MOSCOW, May 29 (RIA Novosti) – The Customs Union of Russia, Belarus and Kazakhstan supports Ukraine’s bid to acquire observer status in the Moscow-based trade bloc, Kazakh President Nursultan Nazarbayev said Wednesday.
“Ukraine has expressed the intention to acquire observer status in the Customs Union of the Common Economic Space as well as in the future Eurasian Economic Union. We have supported their intention and made an appropriate decision,” he said after a meeting of the presidents of Kazakhstan, Russia, Ukraine and Kyrgyzstan.
Experts will now prepare the relevant documents to be submitted for consideration and approval by the Supreme Eurasian Economic Council at its next meeting, Nazarbayev said.
Valery Muntiyan, the Ukrainian government’s representative for collaboration with Russia, the Commonwealth of Independent States and the Eurasian Economic Community, said Ukraine could join the Customs Union in July.
Last Wednesday, the Ukrainian government approved a memorandum for applying for observer status in the Customs Union, Prime Minister Mykola Azarov said.
“Observer status will enable us to effectively uphold our interests in the Customs Union,” Azarov told Belarusian First Deputy Prime Minister Vladimir Semashko.
Ukraine is seeking observer status in the Customs Union to maintain its existing volume of trade with Russia, Belarus and Kazakhstan, as well as to assess the possible advantages and disadvantages of full membership.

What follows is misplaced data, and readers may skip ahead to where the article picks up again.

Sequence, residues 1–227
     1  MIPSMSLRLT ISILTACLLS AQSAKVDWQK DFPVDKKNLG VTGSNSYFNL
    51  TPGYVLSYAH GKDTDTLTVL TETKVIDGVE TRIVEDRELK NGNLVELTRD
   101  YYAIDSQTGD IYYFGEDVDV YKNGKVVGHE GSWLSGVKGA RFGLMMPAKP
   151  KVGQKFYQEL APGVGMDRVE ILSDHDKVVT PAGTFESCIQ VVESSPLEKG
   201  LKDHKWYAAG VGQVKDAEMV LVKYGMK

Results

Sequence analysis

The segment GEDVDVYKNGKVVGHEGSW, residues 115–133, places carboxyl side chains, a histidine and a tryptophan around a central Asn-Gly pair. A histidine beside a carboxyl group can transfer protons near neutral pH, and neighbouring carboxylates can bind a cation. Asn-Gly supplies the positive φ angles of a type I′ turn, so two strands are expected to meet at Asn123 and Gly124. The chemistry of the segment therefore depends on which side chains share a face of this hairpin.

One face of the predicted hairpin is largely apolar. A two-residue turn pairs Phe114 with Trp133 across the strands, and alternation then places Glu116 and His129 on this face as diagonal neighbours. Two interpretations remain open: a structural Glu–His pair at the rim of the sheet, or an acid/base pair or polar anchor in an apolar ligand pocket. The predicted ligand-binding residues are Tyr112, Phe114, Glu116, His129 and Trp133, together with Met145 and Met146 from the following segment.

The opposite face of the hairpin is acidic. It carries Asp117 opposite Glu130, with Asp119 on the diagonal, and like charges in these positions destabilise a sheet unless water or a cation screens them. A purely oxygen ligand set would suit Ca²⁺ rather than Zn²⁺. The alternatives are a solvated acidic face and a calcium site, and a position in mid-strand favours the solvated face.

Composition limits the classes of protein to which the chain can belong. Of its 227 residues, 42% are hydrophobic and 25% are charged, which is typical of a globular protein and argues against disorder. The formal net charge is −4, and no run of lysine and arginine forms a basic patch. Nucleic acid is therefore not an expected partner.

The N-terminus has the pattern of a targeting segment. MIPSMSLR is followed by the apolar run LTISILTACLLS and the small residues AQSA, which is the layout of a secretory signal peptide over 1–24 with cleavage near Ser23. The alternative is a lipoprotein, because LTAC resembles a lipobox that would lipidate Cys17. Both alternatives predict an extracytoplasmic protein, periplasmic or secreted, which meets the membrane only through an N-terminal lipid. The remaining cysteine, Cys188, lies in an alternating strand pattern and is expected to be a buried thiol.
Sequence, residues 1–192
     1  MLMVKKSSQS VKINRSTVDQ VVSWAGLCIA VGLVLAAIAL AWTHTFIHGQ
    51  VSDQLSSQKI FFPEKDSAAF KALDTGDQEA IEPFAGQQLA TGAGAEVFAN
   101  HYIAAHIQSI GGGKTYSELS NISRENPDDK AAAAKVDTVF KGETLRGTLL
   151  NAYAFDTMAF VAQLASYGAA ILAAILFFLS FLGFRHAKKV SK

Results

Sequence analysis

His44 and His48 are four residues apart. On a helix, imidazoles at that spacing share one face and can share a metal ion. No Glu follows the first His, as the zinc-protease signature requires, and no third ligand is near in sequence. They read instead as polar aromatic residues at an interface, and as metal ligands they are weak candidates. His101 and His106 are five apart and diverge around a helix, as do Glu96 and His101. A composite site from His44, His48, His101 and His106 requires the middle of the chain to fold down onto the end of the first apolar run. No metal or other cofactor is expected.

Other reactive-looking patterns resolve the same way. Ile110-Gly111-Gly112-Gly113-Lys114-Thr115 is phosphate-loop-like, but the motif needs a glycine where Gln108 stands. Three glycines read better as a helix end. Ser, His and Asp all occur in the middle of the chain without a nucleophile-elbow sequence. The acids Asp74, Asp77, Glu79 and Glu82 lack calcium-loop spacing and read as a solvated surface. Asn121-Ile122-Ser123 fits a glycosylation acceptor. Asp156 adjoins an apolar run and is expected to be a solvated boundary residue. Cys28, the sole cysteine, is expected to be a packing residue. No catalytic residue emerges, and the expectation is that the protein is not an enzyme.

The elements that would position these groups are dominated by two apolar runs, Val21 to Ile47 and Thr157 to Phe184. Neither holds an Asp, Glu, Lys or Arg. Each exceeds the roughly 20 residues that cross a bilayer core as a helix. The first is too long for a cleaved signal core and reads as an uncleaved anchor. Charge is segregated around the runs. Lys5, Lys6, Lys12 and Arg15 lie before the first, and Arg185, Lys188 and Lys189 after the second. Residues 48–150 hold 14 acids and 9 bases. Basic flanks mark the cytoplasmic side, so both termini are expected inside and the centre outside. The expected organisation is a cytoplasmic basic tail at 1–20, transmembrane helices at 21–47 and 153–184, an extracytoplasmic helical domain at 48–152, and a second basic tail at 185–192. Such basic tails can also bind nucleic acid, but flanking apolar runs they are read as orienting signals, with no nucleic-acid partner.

In mid-March, Russian Prime Minister Dmitry Medvedev dismissed the possibility of Ukraine joining the bloc on special terms.
“Our Ukrainian friends like to talk about the issue of joining [the Customs Union] under a ‘three-plus-one format’ and so on. But it can’t be this way. It's either all or nothing,” the prime minister said. “Full-fledged participation requires ratification and the signing of all documents.”
Russia sees the grouping as a stepping stone to a wide-ranging Eurasian Economic Union and has touted membership to Moldova and Ukraine, though Kiev has long harbored ambitions of moving closer to the EU.
Ukraine, which has few energy resources of its own, relies heavily on gas imports from Russia. The 2009 gas deal signed between Moscow and Kiev tied the price for Russian gas to international oil prices, which have risen significantly since 2009, increasing Ukraine's bill.
Russia has said on numerous occasions that it could cut gas prices for its neighbor if Ukraine joins the Customs Union.
Ukraine, which has proclaimed a strategic course of Euro-integration, has been reluctant to become a full member of the Customs Union because such a deal would rule out signing a free-trade agreement with the European Union.